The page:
I began writing for The Voice in 1957; then in 1958 I was drafted. No longer protected by being in college, I passed the physical in New York and went to California to be inducted. Only at the last minute was I deferred for obscure psychological reasons. Soon after I got back to New York, I reviewed a couple of books for The Voice—one was Kerouac’s “On the Road.” Then Jerry asked me to review a play for him—I have a vague memory of “Macbeth” in the vaulted basement of a church—and that was the beginning of what became my most illustrious and consuming public identity. Reviewing plays was the perfect combination of my two main career interests, writing and theatre. Soon I was The Voice’s regular second-string critic, covering whatever Jerry did not have time or inclination to see. He was a superb editor, with high, strict standards of good writing; he taught me to be concise and focussed: I sometimes had only three or four inches for a review.
The paper gradually took hold and after a couple of years my copy-editing and proofreading turning into a job. I helped Jerry in the office, and for years I went to the printing plant, on Long Island and later in Jersey City, every Tuesday night to put the paper to bed, carrying the last copy and proofs, reading galleys and page proofs, checking corrections on the stone, staying until everything was as perfect as I could make it, often three or four a.m., before the presses could roll. When Jerry abruptly quit The Voice in summer 1962 to take a job at the New York Post (then an admirable liberal paper), Dan took me for a walk from the office on Sheridan Square over to Washington Square, sat us down on a bench, and offered me Jerry’s job.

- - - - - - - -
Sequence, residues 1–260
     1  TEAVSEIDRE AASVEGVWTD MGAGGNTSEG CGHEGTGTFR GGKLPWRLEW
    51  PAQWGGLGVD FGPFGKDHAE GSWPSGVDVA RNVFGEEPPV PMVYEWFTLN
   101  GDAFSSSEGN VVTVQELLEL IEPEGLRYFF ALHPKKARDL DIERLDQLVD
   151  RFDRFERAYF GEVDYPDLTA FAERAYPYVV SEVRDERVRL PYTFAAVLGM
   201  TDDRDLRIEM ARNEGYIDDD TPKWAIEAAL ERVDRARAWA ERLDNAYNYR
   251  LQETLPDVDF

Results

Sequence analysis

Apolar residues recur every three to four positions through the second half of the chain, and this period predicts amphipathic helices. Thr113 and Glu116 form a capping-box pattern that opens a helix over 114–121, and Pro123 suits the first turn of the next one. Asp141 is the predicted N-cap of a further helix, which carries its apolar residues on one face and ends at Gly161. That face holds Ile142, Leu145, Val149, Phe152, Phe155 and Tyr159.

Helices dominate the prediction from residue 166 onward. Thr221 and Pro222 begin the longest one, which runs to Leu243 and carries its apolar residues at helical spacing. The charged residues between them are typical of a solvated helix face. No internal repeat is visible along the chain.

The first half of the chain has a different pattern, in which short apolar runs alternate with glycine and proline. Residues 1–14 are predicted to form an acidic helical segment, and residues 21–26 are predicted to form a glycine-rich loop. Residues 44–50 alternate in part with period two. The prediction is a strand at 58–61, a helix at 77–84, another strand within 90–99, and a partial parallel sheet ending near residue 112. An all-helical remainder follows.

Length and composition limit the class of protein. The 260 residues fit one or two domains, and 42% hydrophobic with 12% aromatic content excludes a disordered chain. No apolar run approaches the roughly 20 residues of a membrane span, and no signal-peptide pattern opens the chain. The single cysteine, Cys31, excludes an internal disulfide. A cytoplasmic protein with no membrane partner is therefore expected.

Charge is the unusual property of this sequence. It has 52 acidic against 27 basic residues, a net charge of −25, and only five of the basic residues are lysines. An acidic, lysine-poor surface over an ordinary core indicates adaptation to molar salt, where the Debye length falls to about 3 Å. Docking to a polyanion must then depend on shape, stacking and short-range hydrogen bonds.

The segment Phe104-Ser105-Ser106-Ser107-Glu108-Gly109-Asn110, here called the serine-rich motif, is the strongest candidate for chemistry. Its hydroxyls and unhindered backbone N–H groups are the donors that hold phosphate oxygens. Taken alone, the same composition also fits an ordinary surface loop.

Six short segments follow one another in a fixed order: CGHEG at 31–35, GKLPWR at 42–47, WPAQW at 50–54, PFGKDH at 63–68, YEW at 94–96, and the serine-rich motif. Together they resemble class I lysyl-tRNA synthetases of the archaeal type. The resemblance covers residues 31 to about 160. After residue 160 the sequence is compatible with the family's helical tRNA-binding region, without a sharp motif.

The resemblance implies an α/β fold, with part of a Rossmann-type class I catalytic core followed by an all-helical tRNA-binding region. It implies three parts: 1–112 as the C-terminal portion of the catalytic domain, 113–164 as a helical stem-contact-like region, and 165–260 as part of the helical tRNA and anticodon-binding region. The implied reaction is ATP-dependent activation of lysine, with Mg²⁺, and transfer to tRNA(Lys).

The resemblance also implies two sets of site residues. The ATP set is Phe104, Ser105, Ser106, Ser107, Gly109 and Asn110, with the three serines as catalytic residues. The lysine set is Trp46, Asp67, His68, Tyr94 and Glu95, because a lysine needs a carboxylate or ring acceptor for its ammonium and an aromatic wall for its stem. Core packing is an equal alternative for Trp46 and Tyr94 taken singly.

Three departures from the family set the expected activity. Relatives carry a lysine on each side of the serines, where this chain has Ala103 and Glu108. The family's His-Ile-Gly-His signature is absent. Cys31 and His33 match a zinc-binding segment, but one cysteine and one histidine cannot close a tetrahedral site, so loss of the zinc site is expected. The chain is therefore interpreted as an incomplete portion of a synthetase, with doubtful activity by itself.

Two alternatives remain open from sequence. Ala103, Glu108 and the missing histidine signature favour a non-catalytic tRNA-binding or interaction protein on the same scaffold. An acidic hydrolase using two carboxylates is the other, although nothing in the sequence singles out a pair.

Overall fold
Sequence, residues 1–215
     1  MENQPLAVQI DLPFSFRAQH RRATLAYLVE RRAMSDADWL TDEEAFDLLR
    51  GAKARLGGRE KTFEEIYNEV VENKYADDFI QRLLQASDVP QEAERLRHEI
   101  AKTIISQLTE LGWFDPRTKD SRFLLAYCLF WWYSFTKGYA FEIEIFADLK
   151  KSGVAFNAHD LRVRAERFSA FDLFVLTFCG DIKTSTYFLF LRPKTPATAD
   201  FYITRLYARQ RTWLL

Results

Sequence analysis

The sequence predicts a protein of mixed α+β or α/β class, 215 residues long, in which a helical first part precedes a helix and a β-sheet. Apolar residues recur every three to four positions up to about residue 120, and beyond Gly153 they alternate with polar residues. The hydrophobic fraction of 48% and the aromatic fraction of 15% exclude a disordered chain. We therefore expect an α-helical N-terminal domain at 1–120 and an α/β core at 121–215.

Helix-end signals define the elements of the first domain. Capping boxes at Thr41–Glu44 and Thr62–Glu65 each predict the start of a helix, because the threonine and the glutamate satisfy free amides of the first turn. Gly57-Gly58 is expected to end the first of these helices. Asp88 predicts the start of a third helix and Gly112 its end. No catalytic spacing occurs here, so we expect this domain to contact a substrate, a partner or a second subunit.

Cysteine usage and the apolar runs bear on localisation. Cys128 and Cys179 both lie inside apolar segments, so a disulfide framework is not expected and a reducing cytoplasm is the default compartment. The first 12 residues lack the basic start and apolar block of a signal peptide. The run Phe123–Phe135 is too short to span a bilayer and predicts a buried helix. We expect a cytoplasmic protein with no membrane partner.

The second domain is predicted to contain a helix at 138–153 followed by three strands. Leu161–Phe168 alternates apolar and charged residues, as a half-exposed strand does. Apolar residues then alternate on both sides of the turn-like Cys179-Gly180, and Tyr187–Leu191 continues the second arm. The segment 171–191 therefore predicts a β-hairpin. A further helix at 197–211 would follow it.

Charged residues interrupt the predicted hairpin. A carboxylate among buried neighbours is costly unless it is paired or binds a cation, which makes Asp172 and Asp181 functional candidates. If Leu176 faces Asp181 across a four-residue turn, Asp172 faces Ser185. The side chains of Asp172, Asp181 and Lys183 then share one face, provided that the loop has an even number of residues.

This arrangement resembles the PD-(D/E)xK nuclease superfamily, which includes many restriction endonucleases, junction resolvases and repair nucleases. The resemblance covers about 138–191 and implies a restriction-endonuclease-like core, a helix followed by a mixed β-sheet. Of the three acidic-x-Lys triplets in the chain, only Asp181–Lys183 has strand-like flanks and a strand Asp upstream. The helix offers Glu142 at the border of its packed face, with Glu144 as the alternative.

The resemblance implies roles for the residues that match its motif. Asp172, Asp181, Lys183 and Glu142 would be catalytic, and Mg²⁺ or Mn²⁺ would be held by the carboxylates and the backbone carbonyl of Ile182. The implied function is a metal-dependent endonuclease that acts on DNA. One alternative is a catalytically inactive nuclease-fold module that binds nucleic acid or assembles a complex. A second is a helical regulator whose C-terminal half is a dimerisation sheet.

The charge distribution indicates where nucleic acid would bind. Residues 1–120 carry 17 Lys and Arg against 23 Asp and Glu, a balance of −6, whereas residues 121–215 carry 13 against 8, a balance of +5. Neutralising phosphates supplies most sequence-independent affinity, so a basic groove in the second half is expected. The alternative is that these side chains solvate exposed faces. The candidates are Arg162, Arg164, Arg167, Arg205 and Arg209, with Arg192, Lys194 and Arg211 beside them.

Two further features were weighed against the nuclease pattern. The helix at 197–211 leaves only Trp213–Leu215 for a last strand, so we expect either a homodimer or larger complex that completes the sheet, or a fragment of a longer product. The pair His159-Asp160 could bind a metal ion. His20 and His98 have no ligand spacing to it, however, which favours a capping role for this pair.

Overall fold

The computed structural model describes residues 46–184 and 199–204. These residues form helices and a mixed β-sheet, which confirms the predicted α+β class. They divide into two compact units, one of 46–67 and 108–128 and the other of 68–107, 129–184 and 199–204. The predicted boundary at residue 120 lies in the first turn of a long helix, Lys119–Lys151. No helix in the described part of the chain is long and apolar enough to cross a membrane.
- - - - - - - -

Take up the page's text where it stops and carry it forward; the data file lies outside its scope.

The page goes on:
The following winter the seven New York dailies were on strike for almost four months, from December 8 until April 1. The Voice began distributing citywide and leapt ahead. There was no place else to put classified apartment ads, for one thing, and I was one of few critics reviewing plays. We rarely had more than twenty-four pages before the strike; we jumped to thirty-six, forty-eight, sixty, seventy-two. It must have been extraordinarily hard work, but my personal life was so exciting at the time that I hardly noticed, I just rolled with it. It took three of us at the plant to proofread pages. Circulation rose to eighty thousand, and we held onto most of it after the strike was settled.